Book Image

Distributed Machine Learning with Python

By : Guanhua Wang
Book Image

Distributed Machine Learning with Python

By: Guanhua Wang

Overview of this book

Reducing time cost in machine learning leads to a shorter waiting time for model training and a faster model updating cycle. Distributed machine learning enables machine learning practitioners to shorten model training and inference time by orders of magnitude. With the help of this practical guide, you'll be able to put your Python development knowledge to work to get up and running with the implementation of distributed machine learning, including multi-node machine learning systems, in no time. You'll begin by exploring how distributed systems work in the machine learning area and how distributed machine learning is applied to state-of-the-art deep learning models. As you advance, you'll see how to use distributed systems to enhance machine learning model training and serving speed. You'll also get to grips with applying data parallel and model parallel approaches before optimizing the in-parallel model training and serving pipeline in local clusters or cloud environments. By the end of this book, you'll have gained the knowledge and skills needed to build and deploy an efficient data processing pipeline for machine learning model training and inference in a distributed manner.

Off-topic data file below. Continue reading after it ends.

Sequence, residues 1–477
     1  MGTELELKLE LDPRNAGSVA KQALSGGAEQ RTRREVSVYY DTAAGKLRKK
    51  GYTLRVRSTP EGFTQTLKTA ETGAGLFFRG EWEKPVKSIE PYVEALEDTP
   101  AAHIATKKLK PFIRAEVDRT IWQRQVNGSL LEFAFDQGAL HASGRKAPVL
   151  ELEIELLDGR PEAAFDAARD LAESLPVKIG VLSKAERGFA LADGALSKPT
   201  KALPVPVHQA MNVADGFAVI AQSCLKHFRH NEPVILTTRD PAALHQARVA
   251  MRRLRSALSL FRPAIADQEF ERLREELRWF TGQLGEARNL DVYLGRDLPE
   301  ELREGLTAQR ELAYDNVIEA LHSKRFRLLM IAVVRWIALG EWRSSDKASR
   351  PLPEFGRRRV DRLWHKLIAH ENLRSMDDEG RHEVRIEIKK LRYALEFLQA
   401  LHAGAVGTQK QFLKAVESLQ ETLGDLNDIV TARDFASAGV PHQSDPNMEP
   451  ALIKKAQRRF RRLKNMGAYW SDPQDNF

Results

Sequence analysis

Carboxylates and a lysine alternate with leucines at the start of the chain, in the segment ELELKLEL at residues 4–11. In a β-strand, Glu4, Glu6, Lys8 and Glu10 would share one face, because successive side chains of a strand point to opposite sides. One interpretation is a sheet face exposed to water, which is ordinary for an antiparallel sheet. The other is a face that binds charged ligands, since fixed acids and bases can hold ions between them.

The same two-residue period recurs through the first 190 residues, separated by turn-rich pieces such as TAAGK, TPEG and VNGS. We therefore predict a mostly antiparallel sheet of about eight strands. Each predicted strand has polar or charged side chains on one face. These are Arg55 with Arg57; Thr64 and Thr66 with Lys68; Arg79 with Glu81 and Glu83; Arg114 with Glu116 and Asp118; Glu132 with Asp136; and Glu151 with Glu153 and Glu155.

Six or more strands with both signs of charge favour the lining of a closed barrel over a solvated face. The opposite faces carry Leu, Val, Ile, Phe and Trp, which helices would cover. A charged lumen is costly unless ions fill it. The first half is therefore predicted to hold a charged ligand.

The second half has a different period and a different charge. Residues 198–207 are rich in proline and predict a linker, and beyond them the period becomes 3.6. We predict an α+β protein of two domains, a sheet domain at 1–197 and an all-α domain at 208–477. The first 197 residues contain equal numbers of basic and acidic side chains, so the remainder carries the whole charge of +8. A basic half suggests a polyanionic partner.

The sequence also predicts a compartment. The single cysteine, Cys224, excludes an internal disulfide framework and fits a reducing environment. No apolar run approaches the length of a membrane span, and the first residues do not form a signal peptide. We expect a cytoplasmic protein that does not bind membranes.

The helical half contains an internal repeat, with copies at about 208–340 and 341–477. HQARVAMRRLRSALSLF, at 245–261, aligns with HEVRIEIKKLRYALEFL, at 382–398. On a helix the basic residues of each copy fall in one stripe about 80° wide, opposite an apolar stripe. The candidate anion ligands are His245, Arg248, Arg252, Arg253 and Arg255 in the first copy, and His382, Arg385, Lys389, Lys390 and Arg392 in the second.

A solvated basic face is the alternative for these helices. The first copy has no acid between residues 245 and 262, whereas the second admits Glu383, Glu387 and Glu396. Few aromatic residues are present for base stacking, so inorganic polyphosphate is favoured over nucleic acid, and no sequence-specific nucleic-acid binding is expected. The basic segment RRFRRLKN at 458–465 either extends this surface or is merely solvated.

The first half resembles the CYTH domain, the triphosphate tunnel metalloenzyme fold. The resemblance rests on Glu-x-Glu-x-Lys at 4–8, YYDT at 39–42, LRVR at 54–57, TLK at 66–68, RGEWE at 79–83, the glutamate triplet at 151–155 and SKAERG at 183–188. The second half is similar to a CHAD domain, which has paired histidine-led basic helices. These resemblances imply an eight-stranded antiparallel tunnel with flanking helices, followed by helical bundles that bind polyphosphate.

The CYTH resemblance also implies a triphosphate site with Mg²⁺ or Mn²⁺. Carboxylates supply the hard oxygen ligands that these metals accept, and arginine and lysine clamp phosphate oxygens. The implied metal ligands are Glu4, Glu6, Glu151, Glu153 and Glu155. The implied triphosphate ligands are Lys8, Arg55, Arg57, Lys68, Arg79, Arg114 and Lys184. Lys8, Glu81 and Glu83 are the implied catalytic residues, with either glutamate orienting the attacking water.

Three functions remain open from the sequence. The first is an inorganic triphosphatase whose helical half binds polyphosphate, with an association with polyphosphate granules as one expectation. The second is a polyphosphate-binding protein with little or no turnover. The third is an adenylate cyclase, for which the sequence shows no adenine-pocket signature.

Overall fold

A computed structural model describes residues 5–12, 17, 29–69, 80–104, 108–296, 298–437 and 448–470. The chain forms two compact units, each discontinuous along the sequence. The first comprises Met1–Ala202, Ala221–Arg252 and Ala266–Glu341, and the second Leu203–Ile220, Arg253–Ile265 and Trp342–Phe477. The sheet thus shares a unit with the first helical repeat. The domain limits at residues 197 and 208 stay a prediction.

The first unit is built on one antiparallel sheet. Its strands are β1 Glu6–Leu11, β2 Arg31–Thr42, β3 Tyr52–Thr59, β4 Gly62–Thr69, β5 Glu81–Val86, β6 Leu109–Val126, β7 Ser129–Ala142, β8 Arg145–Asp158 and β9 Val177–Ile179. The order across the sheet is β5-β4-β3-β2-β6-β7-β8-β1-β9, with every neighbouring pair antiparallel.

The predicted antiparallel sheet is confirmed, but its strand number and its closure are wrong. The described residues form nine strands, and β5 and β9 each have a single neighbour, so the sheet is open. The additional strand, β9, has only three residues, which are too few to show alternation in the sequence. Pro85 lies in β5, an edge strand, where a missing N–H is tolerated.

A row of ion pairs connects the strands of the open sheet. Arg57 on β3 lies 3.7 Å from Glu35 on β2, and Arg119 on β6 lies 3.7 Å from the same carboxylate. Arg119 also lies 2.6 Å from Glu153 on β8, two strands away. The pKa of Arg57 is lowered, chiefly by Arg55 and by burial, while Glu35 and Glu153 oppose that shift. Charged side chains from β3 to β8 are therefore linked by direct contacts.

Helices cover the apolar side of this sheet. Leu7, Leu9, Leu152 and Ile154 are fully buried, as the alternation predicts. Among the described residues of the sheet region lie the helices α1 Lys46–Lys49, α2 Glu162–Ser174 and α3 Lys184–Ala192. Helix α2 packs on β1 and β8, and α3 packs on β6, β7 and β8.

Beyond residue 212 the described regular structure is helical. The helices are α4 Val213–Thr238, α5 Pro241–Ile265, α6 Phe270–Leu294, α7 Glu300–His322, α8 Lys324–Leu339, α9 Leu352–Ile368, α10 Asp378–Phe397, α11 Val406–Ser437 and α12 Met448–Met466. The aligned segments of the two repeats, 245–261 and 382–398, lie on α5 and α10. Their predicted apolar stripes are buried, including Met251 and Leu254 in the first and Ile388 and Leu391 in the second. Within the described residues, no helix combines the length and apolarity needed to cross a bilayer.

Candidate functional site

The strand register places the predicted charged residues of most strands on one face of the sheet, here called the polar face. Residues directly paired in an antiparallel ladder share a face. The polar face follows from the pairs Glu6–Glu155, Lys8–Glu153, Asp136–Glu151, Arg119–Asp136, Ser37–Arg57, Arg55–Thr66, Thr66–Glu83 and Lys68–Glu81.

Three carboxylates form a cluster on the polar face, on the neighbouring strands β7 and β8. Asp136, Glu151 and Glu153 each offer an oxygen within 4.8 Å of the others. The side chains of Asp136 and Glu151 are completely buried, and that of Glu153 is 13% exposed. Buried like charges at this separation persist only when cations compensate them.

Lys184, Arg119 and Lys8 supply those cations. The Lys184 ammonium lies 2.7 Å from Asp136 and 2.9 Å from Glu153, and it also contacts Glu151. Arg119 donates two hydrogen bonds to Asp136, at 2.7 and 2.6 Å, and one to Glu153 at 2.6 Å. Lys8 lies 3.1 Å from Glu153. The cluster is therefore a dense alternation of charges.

Table of Contents (17 chapters)
Section 1 – Data Parallelism
Section 2 – Model Parallelism
Section 3 – Advanced Parallelism Paradigms

Chapter 8: Achieving Higher Throughput and Lower Latency

Generally speaking, model parallelism is less efficient than data parallelism. The main reasons are twofold, as outlined here.

First, the sequential dependency among deep neural network (DNN) layers holding onto different graphics processing units (GPUs) limits the performance. One GPU may not start working until its predecessor finishes generating outputs.

Second, the limited GPU memory makes it impossible to train a large input batch in each training iteration. Due to the large size of the model parameters, we can only train small batches of data per training iteration.

Given the preceding two challenges, we try to improve throughput and latency performance by adopting state-of-the-art (SOTA) techniques, such as freezing layers, model distillations, and more. Before we dive into the details, we'll first illustrate the assumptions for the materials of this chapter, as follows:

  • We assume there are no...